What is the Doyon Languages Online project?
Doyon Languages Online is an online language-learning platform for Doyon region languages. We are currently working on creating lessons for nine of the 10 Doyon region languages. The project is intended to revitalize the languages of the Doyon region, which are all severely to critically endangered, and are not being passed on to younger generations quickly enough to ensure their survival.
How is it being funded?
The first five language courses are funded by a three-year, $900,000 Administration for Native Americans grant. These courses will cover Holikachuk, Denaakk’e, Benhti Kenaga’, Hän, and Dinjii Zhuh K’yaa.
The next four language courses are funded by a three-year, $977,423 U.S. Department of Education – Alaska Native Educational Program Grant. These courses will cover Denak’i, Dihthâad Xt’een lin aanděeg’, Née’aaneegn’, and Deg Xinag.
Is it going to be free?
Yes, access to the lessons will be free and available to all interested learners.
How will a user access Doyon Languages Online?
Users will access the platform through a link on the Doyon Foundation website.
When will this be available?
The first five language courses will be published before the end of 2018. An additional four language courses will follow in the coming three years.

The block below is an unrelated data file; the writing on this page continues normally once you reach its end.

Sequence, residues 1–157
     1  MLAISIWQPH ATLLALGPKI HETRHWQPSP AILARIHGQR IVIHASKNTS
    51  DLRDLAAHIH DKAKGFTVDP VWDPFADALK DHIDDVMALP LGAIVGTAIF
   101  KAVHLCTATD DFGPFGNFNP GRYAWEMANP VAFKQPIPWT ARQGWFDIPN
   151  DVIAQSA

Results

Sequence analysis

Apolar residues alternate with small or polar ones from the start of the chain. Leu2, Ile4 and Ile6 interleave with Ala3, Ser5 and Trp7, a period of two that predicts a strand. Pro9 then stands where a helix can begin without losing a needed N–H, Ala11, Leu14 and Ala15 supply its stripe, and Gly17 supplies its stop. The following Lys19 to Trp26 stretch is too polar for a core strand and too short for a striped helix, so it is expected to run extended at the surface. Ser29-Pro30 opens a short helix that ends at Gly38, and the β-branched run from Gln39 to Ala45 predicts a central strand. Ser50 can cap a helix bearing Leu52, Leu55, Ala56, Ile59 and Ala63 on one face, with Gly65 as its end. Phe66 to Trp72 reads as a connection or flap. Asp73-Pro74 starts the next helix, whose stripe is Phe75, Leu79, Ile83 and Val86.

Will my language be online?
The first five courses will be introductory lessons in Dinjii Zhuh K’yaa, Benhti Kenaga’, Holikachuk, Hän, and Denaakk’e. These will be available by the end of 2018. See a map of the Doyon region languages on the Foundation website.
Demo lessons for these courses are available on the Doyon Languages Online webpage.
Who is developing these courses?
Doyon Foundation is working with language community members, curriculum experts, and our software partner to develop these courses.
How are the communities being involved?
Doyon Foundation supports members of the language communities to become “content creators” – these are people who generate learning content and author lessons. For each language course, we try to have a team of at least two content creators. Materials are then reviewed for accuracy by speakers from the community, as well as by linguists or professional educators who ensure the lessons stay true to the Doyon Languages Online curriculum.
Who should I contact with comments or questions?
Please direct all questions to either Nathaniel Feemster, the Doyon Languages Online project manager, at 907.459.2107 or firstname.lastname@example.org, or Allan Hayton, Doyon Foundation’s language revitalization director, at 907.459.2162 or email@example.com.